Pinenuts are excellent source of B-complex group of vitamins such as thiamin, riboflavin, niacin, pantothenic acid, vitamin B-6 (pyridoxine) and folates. These vitamins functions as co-factors for enzymes during cellular substrate metabolism.
Furthermore, pine nuts contain healthy amounts of essential minerals like manganese, potassium, calcium, iron, magnesium, zinc and selenium. At 8.802 mg per 100 g (about 383% of daily recommended intake), pines are one of the richest sources of manganese. Manganese is an all-important co-factor for antioxidant enzyme, superoxide dismutase. It is therefore consumption of pines helps body develop resistance against infectious agents and scavenge harmful oxygen free radicals.
Pine nut oil has delicate flavor with sweet aroma and is used in many traditional medicinal applications since ancient times. The main chemical components in pine oil are borneol, bornyl acetate, ? and ?-phallandrene, ?-pinene and ?-pinene. Its emollient property helps to keep skin well protected from dryness. It has also been used in cooking, and as “carrier or base oil” in traditional medicines in aromatherapy, in pharmaceutical and cosmetic industry.
|Principle||Nutrient Value||Percentage of RDA|
|Total Fat||68.37 g||228%|
|Dietary Fiber||3.7 g||10%|
|Pantothenic acid||0.313 mg||6%|
|Vitamin A||29 IU||1%|
|Vitamin C||0.8 mg||1%|
|Vitamin E||9.33 mg||62%|
Selection and storage
In the wild, fallen seeds are generally gathered beneath the trees. In the markets, one may find shelled as well as unshelled pine nuts displayed for sale.
When you are buying whole, unshelled nuts, look for the nuts that feature bright brown color; compact and uniform in size, and feel heavy in hand and feature good metallic sound when poured down from a height. They should be free from cracks, mold, and spots and free of rancid smell.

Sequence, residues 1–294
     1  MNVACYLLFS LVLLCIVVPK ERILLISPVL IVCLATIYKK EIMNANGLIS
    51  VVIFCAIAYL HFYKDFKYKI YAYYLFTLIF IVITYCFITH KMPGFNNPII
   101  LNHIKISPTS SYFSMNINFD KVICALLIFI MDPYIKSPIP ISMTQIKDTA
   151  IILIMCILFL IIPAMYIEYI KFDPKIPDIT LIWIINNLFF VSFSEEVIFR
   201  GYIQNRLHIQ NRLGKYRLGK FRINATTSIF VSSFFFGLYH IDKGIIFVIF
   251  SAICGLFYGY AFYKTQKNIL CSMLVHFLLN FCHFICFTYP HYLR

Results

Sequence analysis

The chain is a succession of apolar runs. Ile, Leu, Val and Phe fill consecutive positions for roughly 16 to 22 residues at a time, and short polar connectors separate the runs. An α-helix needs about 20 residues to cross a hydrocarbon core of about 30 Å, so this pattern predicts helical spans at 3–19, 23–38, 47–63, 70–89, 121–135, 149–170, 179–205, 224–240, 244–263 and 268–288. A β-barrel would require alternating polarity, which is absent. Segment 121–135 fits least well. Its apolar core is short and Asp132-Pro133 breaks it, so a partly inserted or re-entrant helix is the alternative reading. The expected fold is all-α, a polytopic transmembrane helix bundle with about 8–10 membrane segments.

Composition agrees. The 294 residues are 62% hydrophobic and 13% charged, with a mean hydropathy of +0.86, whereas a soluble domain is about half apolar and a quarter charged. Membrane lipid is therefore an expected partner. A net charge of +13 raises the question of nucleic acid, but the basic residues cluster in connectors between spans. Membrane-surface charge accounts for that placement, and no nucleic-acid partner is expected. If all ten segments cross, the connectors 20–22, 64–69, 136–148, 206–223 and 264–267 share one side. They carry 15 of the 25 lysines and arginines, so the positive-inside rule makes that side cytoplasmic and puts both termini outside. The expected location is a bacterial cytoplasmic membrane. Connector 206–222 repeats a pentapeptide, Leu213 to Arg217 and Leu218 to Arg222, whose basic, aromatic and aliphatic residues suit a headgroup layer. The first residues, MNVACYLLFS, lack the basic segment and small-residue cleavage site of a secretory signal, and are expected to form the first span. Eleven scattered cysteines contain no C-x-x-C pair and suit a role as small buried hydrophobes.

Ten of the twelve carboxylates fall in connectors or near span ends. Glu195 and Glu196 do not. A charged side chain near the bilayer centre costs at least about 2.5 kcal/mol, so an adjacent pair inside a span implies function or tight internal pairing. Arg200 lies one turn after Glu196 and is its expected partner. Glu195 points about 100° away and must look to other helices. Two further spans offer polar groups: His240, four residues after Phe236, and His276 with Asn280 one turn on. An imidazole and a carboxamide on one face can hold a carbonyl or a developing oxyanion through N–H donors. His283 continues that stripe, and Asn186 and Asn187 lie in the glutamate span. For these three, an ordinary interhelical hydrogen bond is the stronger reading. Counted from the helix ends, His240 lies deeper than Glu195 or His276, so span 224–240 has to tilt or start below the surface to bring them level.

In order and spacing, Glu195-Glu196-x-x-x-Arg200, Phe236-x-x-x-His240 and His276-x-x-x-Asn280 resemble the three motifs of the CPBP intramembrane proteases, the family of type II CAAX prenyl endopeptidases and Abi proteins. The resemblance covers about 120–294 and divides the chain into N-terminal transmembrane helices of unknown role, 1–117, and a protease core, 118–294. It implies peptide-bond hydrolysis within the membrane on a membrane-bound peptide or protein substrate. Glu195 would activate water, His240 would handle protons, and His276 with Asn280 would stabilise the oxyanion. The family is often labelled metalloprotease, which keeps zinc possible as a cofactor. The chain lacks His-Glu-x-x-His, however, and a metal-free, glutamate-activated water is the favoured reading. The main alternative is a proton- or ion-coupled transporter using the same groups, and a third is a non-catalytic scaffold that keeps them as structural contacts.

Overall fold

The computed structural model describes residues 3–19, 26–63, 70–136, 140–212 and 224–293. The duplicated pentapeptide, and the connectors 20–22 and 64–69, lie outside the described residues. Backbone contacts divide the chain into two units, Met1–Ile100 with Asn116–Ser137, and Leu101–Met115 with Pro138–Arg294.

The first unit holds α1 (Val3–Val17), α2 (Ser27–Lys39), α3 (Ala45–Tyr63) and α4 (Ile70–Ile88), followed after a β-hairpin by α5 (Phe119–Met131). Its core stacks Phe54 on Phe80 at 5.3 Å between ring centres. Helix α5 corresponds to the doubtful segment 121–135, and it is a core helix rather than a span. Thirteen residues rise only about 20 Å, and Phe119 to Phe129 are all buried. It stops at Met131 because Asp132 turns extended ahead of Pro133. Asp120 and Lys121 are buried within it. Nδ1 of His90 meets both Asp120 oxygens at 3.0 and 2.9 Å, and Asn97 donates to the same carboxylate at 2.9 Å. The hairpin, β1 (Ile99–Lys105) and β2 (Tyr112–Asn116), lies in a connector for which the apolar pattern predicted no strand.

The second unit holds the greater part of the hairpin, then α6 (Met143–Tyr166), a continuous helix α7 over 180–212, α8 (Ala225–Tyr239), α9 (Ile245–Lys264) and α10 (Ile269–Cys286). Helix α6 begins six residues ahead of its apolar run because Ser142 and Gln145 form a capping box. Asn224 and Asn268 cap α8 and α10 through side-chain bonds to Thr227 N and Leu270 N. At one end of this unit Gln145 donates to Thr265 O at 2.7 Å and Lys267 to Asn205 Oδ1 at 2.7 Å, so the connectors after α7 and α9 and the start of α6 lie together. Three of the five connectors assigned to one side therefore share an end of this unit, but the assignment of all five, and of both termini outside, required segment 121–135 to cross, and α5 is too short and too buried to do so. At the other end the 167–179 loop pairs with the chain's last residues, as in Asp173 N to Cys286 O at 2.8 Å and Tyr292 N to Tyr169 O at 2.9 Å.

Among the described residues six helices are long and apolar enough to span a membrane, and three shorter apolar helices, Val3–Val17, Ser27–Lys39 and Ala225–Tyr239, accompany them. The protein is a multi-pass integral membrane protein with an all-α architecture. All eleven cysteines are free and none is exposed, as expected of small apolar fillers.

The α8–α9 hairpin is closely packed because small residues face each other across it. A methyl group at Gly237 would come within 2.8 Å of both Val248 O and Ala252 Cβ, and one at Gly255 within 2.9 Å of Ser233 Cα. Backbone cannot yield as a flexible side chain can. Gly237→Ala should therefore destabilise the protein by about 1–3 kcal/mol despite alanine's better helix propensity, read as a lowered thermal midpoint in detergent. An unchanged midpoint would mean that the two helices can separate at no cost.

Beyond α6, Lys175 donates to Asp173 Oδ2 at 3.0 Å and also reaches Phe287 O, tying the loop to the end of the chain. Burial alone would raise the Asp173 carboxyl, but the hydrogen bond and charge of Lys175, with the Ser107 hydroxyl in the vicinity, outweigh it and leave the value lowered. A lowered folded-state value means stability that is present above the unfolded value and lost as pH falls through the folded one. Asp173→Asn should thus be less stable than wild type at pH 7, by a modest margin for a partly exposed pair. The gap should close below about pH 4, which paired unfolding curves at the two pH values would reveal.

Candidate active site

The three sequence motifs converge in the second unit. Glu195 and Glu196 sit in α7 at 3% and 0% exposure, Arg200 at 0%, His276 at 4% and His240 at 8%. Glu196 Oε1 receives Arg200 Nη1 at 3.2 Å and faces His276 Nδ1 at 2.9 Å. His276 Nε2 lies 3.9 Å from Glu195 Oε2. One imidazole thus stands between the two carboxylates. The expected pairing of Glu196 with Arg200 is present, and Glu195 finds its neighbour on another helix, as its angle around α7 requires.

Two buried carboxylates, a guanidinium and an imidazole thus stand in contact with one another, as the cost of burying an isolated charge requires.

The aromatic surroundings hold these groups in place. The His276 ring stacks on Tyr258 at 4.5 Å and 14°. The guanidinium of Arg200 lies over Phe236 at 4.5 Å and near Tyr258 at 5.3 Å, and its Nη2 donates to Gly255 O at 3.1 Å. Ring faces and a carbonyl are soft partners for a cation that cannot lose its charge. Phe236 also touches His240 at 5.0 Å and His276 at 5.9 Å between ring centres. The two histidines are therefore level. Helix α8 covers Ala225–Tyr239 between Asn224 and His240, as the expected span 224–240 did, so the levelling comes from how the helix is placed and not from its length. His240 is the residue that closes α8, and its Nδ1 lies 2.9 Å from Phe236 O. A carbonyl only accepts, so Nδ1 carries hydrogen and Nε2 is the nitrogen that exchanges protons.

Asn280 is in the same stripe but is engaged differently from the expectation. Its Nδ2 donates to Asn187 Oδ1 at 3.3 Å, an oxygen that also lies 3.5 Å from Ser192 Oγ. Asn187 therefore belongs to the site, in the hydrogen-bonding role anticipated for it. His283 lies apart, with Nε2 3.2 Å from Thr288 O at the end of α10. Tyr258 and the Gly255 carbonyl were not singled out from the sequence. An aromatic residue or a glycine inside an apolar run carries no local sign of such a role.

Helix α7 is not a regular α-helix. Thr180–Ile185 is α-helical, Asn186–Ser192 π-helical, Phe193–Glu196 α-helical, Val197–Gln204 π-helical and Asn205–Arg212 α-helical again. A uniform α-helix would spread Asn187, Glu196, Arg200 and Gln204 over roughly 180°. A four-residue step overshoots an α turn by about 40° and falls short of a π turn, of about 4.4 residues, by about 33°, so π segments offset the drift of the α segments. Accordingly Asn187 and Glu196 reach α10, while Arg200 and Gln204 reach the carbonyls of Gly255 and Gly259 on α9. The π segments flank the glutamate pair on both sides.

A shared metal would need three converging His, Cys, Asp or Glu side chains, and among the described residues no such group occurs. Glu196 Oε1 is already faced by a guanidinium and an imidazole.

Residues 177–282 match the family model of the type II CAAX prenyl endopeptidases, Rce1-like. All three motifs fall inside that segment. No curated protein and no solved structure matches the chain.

Shelled pines are also put for sale in air-tight plastic bags. Buy fresh nuts from authentic sources.
Unshelled nuts have long shelf life and can be stored for many months. Shelled kernels deteriorate soon if exposed to warm, humid conditions. Therefore, store shelled nuts in airtight jars and store in the refrigerator.
Preparation and serving methods
Raw whole pinon nuts are generally cut open at processing units using larger sheller machines. Smaller nut sheller equipment or hand held pliers usually are being used for domestic uses.
Traditionally whole pine nuts are wrapped in a gunny bag and hit repeatedly against a hard surface. Additionally they can also broken by pounding individual nuts as in peanuts by pinching between thumb and index fingers.
Here are some serving tips:
Siberian pine nuts generally enjoyed as they are. Additionally they are also eaten roasted, salted or sweetened.
They also used in granolas, biscuits, cookies, chocolates and crunch bar preparations.
The nuts also used in salads especially sprinkled over fruit/vegetable salads.
Pinon nuts are used in desserts, particularly sundaes and other ice cream based recipes.
They are frequently added to meat, fish and vegetable dishes.
Pine nut oil is used in salad dressing and in cooking.